A VR View From Space Could Change the World
Astronauts describe the sight of Earth from orbit — the overview effect — as life-altering. Can we recreate this experience on the ground?
It was my first space walk. I held onto the edge of the International Space Station and looked down at the Earth below me. It was breathtaking and beautiful. I felt an overwhelming sense of connection, and I began to cry.
This wasn’t a real trip to space — my motion sickness is far too bad for that, among other obstacles of going into orbit. Rather, it was a virtual reality trip to space called Home, created by VR studio REWIND and the BBC. It seemed wildly ambitious to try to recreate such a profoundly magical experience in VR, and yet I was undeniably moved.
A total of 565 people have seen the Earth from orbit, and each one has reported feeling intense emotions when they did. It has become known as the overview effect, a cognitive shift in awareness described by generations of astronauts as a life-changing experience, which results in a deep connection to Earth. Researchers want to help non-astronauts understand at least some of the awe and power it inspires, believing that it could change how we relate to the planet and how we treat it.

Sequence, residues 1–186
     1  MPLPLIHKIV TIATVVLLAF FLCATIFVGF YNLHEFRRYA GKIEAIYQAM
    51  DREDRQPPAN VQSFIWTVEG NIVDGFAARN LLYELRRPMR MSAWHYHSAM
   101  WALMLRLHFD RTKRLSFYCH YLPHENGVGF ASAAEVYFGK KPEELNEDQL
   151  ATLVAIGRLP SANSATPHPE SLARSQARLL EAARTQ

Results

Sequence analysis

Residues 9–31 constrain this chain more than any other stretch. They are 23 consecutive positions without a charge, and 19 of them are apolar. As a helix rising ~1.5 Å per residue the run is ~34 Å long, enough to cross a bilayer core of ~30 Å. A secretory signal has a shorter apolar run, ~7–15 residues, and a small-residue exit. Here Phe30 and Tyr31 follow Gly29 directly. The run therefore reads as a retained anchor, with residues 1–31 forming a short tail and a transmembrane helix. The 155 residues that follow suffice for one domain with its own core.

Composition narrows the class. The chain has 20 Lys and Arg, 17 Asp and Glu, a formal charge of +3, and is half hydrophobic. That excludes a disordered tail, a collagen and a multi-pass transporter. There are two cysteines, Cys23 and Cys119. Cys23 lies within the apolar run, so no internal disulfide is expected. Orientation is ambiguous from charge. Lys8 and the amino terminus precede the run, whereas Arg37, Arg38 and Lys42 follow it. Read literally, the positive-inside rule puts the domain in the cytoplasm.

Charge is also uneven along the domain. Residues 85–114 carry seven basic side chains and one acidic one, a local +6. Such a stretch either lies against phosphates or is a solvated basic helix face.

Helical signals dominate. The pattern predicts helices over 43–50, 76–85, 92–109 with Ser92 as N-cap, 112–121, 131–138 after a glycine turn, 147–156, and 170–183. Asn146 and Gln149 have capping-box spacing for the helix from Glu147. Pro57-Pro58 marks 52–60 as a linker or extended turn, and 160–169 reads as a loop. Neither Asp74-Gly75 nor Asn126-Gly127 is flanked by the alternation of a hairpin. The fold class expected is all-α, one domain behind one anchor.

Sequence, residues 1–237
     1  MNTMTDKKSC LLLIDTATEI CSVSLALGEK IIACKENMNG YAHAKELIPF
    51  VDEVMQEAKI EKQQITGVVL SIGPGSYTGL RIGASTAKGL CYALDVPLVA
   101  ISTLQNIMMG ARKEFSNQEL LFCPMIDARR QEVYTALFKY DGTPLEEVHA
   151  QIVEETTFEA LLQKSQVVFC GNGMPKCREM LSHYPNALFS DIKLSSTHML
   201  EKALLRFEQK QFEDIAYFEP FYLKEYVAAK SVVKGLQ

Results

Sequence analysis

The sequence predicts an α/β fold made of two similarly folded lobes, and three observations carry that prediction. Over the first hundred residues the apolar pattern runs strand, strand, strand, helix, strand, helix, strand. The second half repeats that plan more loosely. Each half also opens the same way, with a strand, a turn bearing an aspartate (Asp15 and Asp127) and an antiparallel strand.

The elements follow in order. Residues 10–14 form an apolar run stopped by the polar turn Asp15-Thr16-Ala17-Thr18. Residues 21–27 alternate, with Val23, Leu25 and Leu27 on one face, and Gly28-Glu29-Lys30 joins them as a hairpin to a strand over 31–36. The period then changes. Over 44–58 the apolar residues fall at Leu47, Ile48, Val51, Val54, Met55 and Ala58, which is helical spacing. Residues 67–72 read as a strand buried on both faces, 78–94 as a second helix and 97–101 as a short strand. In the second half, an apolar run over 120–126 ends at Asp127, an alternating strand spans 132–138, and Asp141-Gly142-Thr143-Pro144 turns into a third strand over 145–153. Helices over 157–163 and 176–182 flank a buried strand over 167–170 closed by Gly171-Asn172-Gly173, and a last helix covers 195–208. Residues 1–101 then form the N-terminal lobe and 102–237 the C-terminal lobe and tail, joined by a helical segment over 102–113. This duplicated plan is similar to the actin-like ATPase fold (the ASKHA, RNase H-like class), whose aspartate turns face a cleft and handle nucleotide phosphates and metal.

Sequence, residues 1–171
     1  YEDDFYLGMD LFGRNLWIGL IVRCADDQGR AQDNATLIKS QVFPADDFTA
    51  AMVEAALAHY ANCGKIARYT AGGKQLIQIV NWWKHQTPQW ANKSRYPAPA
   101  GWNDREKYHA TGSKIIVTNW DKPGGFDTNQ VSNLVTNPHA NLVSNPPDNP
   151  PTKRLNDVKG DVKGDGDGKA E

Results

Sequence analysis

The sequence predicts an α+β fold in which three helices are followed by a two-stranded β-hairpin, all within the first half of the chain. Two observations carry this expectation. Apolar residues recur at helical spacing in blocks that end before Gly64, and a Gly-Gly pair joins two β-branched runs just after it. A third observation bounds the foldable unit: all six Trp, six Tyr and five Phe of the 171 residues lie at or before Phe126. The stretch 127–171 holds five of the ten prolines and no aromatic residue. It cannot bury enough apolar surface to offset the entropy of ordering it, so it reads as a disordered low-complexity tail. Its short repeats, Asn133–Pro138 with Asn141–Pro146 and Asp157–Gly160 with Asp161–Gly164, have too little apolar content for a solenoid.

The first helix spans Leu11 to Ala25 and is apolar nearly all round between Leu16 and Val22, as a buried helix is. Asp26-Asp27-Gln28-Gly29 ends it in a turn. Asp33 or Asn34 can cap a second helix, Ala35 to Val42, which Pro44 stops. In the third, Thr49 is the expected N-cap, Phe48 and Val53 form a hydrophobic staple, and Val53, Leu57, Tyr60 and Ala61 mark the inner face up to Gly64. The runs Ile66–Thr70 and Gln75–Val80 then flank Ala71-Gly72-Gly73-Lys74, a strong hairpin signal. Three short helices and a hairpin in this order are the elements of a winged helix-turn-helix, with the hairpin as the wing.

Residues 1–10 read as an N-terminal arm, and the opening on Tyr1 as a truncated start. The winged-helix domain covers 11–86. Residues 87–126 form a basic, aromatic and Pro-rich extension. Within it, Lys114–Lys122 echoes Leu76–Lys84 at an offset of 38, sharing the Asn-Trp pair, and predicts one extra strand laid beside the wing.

“When viewing Earth from space, astronauts talk about awe and wonder at both the beauty of Earth and the vastness of space stretching out in all directions,” says David Yaden, a researcher specializing in awe and the overview effect at the University of Pennsylvania.
The overview effect was coined by author and space philosopher Frank White in his 1987 book of the same name. Although it has affected astronauts in different ways, they are united in their descriptions of an extremely powerful encounter. “It’s hard to explain how amazing and magical this experience is,” says NASA shuttle astronaut Kathryn D. Sullivan, as quoted in On Orbit and Beyond. “First of all, there’s the astounding beauty and diversity of the planet itself, scrolling across your view at what appears to be a smooth, stately pace… I’m happy to report that no amount of prior study or training can fully prepare anybody for the awe and wonder this inspires.”